Zeitgeist Checklist, GOP Collapse Edition
What Washington is talking about this week.
By Michael Grunwald
Posted Friday, Oct. 13, 2006, at 6:49 PM ET
La Cage Au Foley
Republicans. After polls suggest that the mess surrounding former Rep. Mark Foley, R.-Fla., is poised to end GOP control of Congress, embattled House Speaker Dennis Hastert, R-Ill., calls for the resignation of anyone who knew about Foley’s conduct, not including embattled House Speaker Dennis Hastert. Meanwhile, amid allegations that several Republicans knew that Foley had tried to crash a party for teenage House pages, GOP lawmakers demand an investigation of … the Clinton administration’s Sandy Berger? Next month, they may get to watch their own party crash.
North Korea. Sen. John McCain, R-Ariz., also takes aim at the Clinton administration, which had a foreign policy so diabolical that it allowed Kim Jong-il to develop a nuclear bomb on President Bush’s watch. Bush vows to resolve the crisis through diplomacy, because nothing else has worked. But he also warns that if North Korea remains defiant, he can’t rule out the possibility that the United States will invade Luxembourg.
Scottie and Kirk
Page-gate. GOP staffer Kirk Fordham testifies that he warned Hastert aide Scott Palmer about Foley’s antics; Rep. Jim Kolbe, R-Ariz., and House clerk Jeff Trandahl also had inklings. Incidentally, Fordham, Kolbe, Trandahl, and Foley are all gay, and Palmer is Hastert’s D.C. roommate. Pretty soon, the Republican caucus is going to get its own show on Bravo.
Death by Numbers
Iraq. A new study estimates that the war has caused an additional 650,000 Iraqi deaths since 2003, about 600,000 of them from violence, the rest from imported California spinach. Other studies are less alarmist, suggesting that at the current rate, the war wouldn’t claim that many lives for two more decades. At the current rate, we’ll probably get to find out if that’s true.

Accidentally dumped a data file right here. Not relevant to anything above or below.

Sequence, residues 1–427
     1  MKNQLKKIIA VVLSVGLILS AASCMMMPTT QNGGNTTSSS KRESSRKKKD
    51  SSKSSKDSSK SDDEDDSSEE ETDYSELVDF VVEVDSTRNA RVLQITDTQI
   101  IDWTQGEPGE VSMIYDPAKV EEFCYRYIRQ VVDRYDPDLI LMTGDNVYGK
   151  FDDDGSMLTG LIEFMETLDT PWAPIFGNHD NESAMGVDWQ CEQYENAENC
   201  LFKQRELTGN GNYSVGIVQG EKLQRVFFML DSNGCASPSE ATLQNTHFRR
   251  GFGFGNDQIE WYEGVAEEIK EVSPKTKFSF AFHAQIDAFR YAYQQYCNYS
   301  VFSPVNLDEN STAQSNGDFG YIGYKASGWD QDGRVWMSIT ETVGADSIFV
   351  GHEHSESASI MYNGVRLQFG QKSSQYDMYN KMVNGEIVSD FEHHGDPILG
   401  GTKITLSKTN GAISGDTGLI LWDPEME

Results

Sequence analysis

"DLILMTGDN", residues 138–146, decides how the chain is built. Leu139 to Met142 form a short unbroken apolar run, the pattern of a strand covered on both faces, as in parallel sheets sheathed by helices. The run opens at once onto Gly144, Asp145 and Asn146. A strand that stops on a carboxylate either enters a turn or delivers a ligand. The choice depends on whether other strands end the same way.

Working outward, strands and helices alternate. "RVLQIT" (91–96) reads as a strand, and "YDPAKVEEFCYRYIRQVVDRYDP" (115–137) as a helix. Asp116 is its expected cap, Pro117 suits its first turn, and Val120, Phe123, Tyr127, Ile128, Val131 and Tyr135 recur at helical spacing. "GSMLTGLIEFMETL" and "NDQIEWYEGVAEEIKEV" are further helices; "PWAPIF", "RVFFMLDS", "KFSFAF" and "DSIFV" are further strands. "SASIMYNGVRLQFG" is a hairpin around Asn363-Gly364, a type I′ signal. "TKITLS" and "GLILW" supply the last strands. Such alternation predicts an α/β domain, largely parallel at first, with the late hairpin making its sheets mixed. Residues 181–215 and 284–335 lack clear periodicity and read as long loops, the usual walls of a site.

Can Rumsfeld Have One?
Economy. Bush heralds the creation of nearly 6 million new private-sector jobs since 2003, not all of them for lawyers in the Foley case. And the budget deficit is at its lowest level since 2002; Bush says this shows the need for more tax cuts. In other news, Paris Hilton and Nicole Ritchie are friends again; Bush says this also shows the need for more tax cuts.
Technology. As the stock market sets another new record, Google announces its $1.65 billion purchase of YouTube, the video-sharing Web site best known for its footage of fat people falling and dogs attacking crotches. Yahoo! is now considering a hostile takeover of America’s Funniest Home Videos, and David Letterman is taking Stupid Pet Tricks public.
Virginia Is for Quitters
Democrats. Former Virginia Gov. Mark Warner, a popular centrist from a red state, announces that he won’t run for president in 2008, because party leaders caught wind of allegations that he may have had a chance to win. Still, thanks to maf54—and colleagues like Rep. Bob Ney, R-Ohio, who pleaded guilty to corruption on Friday but did not resign his seat—the congressional elections are the Democratic Party’s to lose. Don’t worry: It’s had 12 years of practice.
Tragedy. A plane carrying Yankees pitcher Cory Lidle and his instructor crashes into a New York apartment building. Investigators said the accident could have been avoided if Alex Rodriguez had been flying the plane; he hasn’t hit anything in months.
Population. Next week, America is expected to welcome its 300 millionth resident. According to demographic data, he is likely to be an overweight, exurban, Latino blogger who tried to warn House leaders that Mark Foley was acting like a creep.
Celebrities. Mel Gibson describes his roadside observations in Malibu as “the stupid ramblings of a drunkard.” Mel, bubbele, if we described Mein Kampf as “the stupid ramblings of a politician with a bad mustache,” would that really explain it?